Sunday, June 26, 2011

CBO: Do Nothing to Erase the Deficit

3 comments:

TJE said...

Has anyone in Congress signed up to oppose Doc fix?

Did you notice that now that it has insurance mandate, AMA wants to kill IPAB?

PBM said...

Not realistic for Congress not to raise doc fix, but possible with Tea Party House. I did not notice the AMA's flip, but I don't think the coalition that supported health care was going to be able to stick together for long.

Patrick_L said...

Yes, the CBO projections here include the Doc-fix not happening. Congress is welcome to not pass a doc-fix (unlikely), or offset the costs of that (roughly $300 billion over 10 years) instead so it can keep doing the doc-fix but reduce the deficit. It could be done entirely through health savings (Medicare, Medicaid)- tough, but doable. Or it could get the savings elsewhere. Either way, it's a great example of the need for Congress to return to the PAYGO mentality of the 1990's, a necessary step to restore fiscal discipline. Every policy change from now on should be paid for- that includes stimulus, the doc-fix, the expiring Bush tax cuts, the AMT, etc.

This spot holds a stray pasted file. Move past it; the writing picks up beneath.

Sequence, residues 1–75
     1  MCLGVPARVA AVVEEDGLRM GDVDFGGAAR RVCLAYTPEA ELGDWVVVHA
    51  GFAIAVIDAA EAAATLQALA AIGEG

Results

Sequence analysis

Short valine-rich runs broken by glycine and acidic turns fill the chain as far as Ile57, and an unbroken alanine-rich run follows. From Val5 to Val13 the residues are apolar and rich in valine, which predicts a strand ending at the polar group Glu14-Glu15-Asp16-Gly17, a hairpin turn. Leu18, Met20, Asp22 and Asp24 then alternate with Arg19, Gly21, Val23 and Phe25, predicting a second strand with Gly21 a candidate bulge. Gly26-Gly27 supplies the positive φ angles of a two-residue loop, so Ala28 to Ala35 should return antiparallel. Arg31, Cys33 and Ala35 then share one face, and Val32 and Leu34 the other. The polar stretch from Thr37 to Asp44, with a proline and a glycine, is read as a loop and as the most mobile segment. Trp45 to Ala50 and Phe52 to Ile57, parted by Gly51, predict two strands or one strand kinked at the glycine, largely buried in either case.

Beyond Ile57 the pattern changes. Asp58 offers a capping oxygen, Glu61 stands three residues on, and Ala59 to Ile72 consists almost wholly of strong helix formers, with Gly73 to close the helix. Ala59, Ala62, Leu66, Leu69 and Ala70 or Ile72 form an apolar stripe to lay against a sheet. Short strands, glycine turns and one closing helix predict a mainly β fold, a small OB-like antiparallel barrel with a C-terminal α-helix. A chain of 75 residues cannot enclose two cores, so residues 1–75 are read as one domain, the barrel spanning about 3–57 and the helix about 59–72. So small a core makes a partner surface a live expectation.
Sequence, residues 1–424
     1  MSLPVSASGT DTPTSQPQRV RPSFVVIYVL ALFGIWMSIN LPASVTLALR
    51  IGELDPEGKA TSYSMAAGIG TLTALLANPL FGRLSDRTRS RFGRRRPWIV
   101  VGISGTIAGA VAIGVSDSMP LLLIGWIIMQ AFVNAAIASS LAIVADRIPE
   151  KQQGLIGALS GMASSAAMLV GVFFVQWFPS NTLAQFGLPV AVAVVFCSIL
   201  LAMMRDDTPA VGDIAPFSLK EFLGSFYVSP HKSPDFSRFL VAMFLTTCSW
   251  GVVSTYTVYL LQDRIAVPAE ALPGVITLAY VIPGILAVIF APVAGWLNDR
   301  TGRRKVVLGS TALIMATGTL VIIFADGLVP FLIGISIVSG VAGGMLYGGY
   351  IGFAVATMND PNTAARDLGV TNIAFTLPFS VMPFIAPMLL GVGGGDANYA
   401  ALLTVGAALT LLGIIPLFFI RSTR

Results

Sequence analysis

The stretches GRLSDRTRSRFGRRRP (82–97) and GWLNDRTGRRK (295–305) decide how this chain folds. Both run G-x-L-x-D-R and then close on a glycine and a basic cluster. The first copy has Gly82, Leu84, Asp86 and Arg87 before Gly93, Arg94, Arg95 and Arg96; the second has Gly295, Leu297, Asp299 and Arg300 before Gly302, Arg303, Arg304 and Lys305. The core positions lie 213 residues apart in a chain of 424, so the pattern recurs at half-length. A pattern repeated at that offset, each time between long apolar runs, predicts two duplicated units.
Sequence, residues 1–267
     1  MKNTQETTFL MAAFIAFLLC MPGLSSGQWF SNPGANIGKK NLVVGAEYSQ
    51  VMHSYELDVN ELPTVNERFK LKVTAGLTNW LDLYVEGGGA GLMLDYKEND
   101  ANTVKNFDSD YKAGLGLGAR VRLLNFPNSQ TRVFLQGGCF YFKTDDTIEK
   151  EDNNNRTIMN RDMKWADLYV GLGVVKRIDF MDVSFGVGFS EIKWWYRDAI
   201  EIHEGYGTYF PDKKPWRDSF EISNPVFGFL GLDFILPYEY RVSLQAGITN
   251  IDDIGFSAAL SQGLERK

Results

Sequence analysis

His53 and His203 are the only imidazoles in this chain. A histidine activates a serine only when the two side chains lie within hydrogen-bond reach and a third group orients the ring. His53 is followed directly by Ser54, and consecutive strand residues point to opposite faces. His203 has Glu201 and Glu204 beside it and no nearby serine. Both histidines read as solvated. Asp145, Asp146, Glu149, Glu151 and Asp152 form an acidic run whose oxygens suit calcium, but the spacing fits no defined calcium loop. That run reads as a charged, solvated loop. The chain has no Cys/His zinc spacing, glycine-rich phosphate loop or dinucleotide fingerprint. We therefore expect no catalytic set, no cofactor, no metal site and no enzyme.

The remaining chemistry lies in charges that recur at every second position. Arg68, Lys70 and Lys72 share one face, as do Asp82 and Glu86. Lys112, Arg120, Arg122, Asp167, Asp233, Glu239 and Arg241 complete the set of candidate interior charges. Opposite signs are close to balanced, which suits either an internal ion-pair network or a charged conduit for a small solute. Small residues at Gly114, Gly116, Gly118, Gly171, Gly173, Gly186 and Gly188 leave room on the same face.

(In addition to that, we'd also want comprehensive entitlement and tax reform).

On the IPAB front, it isn't surprising that AMA is against the IPAB- like most American health care representatives actually in the industry including insurers, hospitals, etc. This isn't particularly surprising coming from the AMA, because there's increasing consensus that part of the reason why American health care costs are so much greater than other countries' is because physicians here engage in economic rent-seeking. IPAB’s possible interest in addressing that problem, which adds no value to the system but lines the pockets of physicians, unsurprisingly makes them nervous. In addition, the AMA disproportionately represents independent and small-group physicians, a model that is increasingly looking inefficient at cost-control or care quality, and so is something which IPAB might consider disincentivizing through payment reforms. I could go on and on about all the profits and income members of the AMA might be concerned would be threatened by the IPAB.